April 28, 1863 (Tuesday)
General Joe Hooker’s flanking march to get behind Robert E. Lee’s Confederates at Fredericksburg had one major problem: Robert E. Lee. Keeping something this big a secret from Lee was nearly impossible. Hooker knew this and hoped that the cat would not be let out of the bag until the evening of the 28th – when he planned to cross the Rappahannock at Kelley’s Ford, thirty miles upstream of Fredericksburg.
Once across, Lee would undoubtedly be alerted and it would be a race to the Rapidan River, just below the Rappahannock. Hooker, understandably, had no desire at all to fight his way across the river. To make sure that Lee stayed in his place, he ordered a diversion to kick up a demonstration by crossing the Rappahannock just below Fredericksburg.
The first day of the march, the 27th, was a beautiful day for marching. General Otis Howard’s XI Corps led the silent parade. All music, even drums, were forbidden. Henry Slocum’s XII Corps would follow on a parallel road, while George Meade’s V Corps followed. By the night of the 27th, all three corps making up the flank movement were encamped near Hartford Church, just north of US Ford.
Throughout the night, Hooker’s pickets kept watch and guard over civilians who might try to signal his movement to General Lee. Mostly this was done by Darius Couch’s II Corps, ordered to follow the flanking corps, but only to around Banks and US Fords, over which they kept their posts. Surprisingly, the tactic worked. Lee had not a clue of Hooker’s movement on the 27th.
On the morning of this date, Hooker’s flanking troops were roused out of bed without the blare of a bugle. Again, everything was silent. The secret had to last a few more hours. The XI Corps led the march, with the XII and V Corps following, all along a single road. It was fourteen miles to Kelley’s Ford and the going would be long.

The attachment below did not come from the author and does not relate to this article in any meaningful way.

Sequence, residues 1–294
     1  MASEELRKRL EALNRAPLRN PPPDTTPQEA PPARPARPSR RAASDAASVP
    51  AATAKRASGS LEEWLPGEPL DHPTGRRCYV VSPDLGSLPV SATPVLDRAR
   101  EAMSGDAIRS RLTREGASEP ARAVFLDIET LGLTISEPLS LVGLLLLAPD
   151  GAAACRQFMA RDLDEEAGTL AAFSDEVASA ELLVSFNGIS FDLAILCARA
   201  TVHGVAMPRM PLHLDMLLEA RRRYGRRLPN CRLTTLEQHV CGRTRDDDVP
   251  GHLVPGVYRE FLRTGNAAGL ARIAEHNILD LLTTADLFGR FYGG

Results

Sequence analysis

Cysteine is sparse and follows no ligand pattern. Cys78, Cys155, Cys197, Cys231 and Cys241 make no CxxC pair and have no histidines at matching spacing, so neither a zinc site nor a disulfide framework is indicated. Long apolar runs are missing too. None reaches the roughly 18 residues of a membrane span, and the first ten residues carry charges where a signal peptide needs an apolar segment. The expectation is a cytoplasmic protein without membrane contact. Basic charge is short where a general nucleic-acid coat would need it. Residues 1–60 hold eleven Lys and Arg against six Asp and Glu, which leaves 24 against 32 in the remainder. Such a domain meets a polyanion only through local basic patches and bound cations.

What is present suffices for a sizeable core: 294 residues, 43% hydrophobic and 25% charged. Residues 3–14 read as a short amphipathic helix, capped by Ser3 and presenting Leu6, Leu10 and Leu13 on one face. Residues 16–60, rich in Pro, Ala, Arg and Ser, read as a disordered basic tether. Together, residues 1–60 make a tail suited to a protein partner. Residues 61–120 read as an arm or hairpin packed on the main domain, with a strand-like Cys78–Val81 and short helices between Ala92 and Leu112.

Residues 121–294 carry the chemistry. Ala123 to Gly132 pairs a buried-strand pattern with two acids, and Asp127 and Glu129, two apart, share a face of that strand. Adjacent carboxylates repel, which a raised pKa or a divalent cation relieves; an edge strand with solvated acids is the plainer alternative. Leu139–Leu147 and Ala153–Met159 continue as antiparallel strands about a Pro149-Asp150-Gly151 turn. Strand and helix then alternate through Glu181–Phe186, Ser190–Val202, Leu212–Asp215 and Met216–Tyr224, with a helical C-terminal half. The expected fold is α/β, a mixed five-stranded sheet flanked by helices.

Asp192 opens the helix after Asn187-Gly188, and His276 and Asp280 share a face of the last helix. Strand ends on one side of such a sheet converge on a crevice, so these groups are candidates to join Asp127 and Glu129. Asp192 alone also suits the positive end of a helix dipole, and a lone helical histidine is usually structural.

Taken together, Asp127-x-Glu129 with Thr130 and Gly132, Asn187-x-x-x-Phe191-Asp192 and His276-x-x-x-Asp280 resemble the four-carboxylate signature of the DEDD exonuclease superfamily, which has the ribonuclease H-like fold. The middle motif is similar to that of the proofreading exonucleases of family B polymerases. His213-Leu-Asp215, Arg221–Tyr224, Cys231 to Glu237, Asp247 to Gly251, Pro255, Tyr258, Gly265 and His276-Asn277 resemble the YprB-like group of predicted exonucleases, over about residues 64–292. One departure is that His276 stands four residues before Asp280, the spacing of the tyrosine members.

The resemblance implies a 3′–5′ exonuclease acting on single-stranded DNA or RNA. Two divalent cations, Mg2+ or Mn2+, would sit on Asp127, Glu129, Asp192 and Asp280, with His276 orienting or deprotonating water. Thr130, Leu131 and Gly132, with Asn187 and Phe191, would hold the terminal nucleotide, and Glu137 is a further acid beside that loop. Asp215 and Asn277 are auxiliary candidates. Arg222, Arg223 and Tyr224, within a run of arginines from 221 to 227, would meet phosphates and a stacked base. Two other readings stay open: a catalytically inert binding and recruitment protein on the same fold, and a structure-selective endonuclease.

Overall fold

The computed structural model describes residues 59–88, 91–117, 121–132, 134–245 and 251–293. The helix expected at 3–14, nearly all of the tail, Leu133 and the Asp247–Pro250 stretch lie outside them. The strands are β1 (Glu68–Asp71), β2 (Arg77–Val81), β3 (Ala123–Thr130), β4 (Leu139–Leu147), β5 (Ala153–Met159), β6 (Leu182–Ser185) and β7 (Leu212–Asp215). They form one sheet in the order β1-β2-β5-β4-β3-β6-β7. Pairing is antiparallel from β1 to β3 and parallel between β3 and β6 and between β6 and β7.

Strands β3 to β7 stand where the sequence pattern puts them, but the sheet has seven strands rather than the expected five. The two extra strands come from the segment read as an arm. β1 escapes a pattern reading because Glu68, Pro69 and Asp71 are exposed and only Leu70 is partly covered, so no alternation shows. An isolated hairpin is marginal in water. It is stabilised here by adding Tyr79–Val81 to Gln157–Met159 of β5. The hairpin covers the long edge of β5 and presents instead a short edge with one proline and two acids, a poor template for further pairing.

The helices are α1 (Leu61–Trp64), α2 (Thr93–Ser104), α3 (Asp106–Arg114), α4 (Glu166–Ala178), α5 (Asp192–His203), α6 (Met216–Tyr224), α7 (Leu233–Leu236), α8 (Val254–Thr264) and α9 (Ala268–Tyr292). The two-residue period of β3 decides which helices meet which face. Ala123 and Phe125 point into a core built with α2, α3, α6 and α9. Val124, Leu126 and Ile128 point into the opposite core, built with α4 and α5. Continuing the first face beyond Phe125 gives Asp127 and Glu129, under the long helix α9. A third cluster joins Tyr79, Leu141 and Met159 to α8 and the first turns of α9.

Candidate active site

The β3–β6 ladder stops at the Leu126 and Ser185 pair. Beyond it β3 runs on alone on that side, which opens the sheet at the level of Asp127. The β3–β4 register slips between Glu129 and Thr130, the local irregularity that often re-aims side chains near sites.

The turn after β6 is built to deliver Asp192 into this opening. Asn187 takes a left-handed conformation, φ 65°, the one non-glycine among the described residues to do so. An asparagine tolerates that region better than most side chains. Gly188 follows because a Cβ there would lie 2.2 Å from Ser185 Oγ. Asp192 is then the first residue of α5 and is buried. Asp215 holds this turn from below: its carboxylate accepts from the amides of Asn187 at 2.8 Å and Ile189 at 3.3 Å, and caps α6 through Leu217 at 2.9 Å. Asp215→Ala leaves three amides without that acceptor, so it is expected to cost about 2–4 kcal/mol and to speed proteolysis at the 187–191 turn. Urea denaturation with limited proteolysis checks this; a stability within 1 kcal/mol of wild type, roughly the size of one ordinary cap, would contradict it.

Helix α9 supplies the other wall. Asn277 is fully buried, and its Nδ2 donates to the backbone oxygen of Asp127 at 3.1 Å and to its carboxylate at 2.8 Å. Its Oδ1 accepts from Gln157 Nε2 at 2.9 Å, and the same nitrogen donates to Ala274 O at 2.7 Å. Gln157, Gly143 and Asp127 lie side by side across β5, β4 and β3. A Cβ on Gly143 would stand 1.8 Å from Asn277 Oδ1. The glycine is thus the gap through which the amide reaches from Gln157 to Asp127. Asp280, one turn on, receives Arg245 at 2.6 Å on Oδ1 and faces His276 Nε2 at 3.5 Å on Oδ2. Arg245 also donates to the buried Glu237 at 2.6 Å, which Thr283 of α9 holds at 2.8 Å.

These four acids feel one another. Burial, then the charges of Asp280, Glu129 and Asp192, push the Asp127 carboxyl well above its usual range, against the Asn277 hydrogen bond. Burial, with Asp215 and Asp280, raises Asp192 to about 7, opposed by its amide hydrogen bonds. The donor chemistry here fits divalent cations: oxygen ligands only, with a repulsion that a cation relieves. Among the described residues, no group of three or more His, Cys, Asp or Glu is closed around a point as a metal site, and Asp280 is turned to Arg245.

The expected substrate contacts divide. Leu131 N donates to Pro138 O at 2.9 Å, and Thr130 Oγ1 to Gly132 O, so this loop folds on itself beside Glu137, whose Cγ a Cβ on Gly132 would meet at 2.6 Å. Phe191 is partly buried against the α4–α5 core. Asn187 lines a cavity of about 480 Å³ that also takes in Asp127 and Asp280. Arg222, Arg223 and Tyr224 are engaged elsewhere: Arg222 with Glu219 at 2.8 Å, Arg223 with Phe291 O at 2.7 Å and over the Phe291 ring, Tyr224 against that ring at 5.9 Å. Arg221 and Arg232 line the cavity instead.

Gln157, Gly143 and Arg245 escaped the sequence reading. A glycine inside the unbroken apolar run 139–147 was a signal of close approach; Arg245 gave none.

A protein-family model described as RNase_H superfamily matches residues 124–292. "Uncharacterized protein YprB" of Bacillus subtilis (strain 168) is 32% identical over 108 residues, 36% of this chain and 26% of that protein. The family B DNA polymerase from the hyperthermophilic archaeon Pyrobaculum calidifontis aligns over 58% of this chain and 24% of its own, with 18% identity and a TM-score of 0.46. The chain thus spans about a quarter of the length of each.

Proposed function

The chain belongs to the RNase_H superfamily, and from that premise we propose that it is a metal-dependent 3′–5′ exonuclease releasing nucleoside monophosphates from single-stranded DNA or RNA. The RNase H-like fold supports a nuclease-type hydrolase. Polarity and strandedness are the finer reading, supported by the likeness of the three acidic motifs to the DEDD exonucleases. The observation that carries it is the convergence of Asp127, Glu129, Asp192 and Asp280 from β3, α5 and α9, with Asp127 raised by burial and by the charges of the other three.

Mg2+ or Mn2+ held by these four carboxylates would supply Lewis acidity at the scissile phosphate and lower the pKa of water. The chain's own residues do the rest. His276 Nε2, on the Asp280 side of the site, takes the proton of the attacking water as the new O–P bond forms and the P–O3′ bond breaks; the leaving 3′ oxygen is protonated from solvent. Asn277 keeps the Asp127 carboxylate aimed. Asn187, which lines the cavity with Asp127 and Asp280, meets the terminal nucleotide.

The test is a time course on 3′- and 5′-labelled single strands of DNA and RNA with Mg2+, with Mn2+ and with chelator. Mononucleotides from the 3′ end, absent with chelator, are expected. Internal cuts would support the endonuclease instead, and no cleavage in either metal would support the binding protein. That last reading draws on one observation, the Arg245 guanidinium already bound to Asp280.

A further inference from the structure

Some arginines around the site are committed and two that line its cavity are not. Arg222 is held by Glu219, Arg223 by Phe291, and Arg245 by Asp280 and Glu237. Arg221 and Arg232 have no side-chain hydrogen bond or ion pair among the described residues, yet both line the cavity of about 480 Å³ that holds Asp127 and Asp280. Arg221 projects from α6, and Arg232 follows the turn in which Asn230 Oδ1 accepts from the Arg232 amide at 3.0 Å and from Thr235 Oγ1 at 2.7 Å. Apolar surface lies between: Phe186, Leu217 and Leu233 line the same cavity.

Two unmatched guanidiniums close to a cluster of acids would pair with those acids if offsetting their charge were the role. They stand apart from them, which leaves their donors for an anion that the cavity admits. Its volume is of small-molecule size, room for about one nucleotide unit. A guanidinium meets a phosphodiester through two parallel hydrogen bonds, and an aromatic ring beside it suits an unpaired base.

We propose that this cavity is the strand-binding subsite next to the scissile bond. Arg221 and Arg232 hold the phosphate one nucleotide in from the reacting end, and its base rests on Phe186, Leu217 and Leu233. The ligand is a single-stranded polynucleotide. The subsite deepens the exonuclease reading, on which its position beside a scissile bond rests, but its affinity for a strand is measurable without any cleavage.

Throughout the day, the march stopped and started, and was generally lagging. Some units spent an hour stood still for every two hours of marching. Hooker, who was just now catching up with the column, grew more and more infuriated as he rode towards the front. When he reached General Oliver Otis Howard, leading the XI Corps, he flew into a rage of curses and accusations. It was, however, all bluster. Howard, who had indeed been slow and even disobeyed orders by lugging along too many wagons, arrived near Kelley’s Ford at 4:30pm. He was only thirty minutes late.
Around 6pm, as Hooker’s flanking troops were settling into their camps, a fleet of pontoon boats came paddling up the Rappahannock River. They were quickly thrown up across Kelley’s Ford as Rebel pickets from Rooney Lee’s Cavalry were taken completely by surprise. The Confederates were able to fire off but one volley before the boats were systematically formed into a bridge. By 10:30pm, the entire bridge was completed and, following a bit of confusion by a guide, Howard’s XI Corps was ready to cross.
But it was this bit of confusion that gave up the secret. One of Howard’s staff had been captured by a patrol of Jeb Stuart’s Rebel Cavalry. Without much prompting at all, he boasted that the XI Corps was just across the river, 14,000-strong. By 9pm, an hour and a half before the Federals crossed, Jeb Stuart was aware that something big was going on at Kelley’s Ford.
Stuart knew, but Lee would not learn of it until the next morning. The telegraph line running from Stuart’s headquarters in Culpeper had to first run to Gordonsville, then to Richmond, and then to Fredericksburg. As it did every night, the station in Gordonsville closed, not to reopen again till morning.
Hooker’s plan had worked perfectly, even though Stuart knew some (and only some) of the details. Back at Falmouth, the three remaining corps had done their jobs well, keeping up appearances to complete the ruse. The I Corps under John Reynolds, along with John Sedgewick’s VI Corps made a quick march to the Rappahannock, just below Falmouth, remaining out of sight of the Rebels across the river at Fredericksburg. Meanwhile, the Confederates on the other side suspected not a thing.1
- Sources: Chancellorsville by John Bigelow, Jr.; Chancellorsville
by Stephen Sears; Fighting Joe Hooker by Walter Hebert; Chancellorsville 1863 by Ernest B. Furguson. [↩]